The Tomini of Indonesia
The Tomini speak many different languages. These probably evolved because of interaction with various groups through trade. It was formerly thought that the different names of each language were merely referring to the dialects. However, recent research has discovered that each group actually speaks its own distinct language.
The Tominiís cultural history can be divided into four periods: the coming of Islam, the Dutch colonial period, the Japanese invasion during World War II, and Indonesiaís declaration of independence in 1945. Because the Tomini were bypassed by the Dutch missionaries, they have remained strong in their Islamic character.
What Are Their Lives Like?
Traditionally, the Tominiís state was governed by a Sultanate, meaning that each tribe was headed by a hereditary chief and his assistants. These chiefs formed a council for assisting the ruler in governing the island. Four classes of people emerged: the royal lineage, the nobility, the commoners, and the former slaves.
In the late 1950ís, movements against the Indonesian government were led by youth groups throughout the island of Sulawesi. In the Tomini region these revolts reached a peak with the Permesta Rebellion of the 1960ís. The rebellion damaged the economy; and since that time, the government has made an effort to reorganize the national and international economic system.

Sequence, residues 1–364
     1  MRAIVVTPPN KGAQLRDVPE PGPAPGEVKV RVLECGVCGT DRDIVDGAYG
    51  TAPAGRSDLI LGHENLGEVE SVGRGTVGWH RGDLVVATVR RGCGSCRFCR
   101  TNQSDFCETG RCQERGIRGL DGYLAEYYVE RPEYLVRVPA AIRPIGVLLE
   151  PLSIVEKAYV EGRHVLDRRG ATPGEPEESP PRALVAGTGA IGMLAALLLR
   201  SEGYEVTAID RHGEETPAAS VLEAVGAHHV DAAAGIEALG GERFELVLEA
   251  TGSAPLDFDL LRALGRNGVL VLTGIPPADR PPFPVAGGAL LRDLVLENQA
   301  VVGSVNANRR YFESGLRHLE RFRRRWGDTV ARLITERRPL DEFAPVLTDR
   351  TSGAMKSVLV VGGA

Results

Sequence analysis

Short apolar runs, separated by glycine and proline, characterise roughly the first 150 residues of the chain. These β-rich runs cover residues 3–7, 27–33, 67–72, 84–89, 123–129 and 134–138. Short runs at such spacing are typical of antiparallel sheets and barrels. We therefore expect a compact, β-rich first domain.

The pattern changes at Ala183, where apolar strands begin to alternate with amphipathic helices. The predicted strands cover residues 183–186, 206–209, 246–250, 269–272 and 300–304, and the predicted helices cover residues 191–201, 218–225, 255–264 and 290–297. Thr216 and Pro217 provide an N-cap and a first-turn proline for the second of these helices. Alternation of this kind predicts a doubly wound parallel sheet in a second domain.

The coastal Tomini produce crops such as clove (used as a spice) and copra (dried coconut meat). Some earn their living as traders, and others as lumberjacks or sailors. The Tomini living in the mountains grow dry rice, and maize (Indian corn). They also gather rattan (a type of wood used in making walking sticks and other wickerwork) for trade along the coast.
Tomini villages are characterized by small houses that are built on stilts. These are mainly located along the coastal strips of the island.
Marriages follow a Muslim pattern. A middleman negotiates the bride price, which depends on the girlís social status. It is acceptable for cousins to marry; and polygamy is also allowed, though not often practiced. Once married, a couple usually lives with their extended family, often until the first child is born.
What Are Their Beliefs?
In isolated areas of Sulawesi, some Tomini still follow ancient local religions by mixing ancestor and nature worship with Islam and Christianity. In the inland mountain areas, there are also groups who practice animism. They believe that nature and inanimate objects have spirits. The animist population of Tomini is known as suku terasing, meaning foreign tribes.
What Are Their Needs?
Latest estimates from the World Evangelization Research Center.
© Copyright 1997
Bethany World Prayer Center
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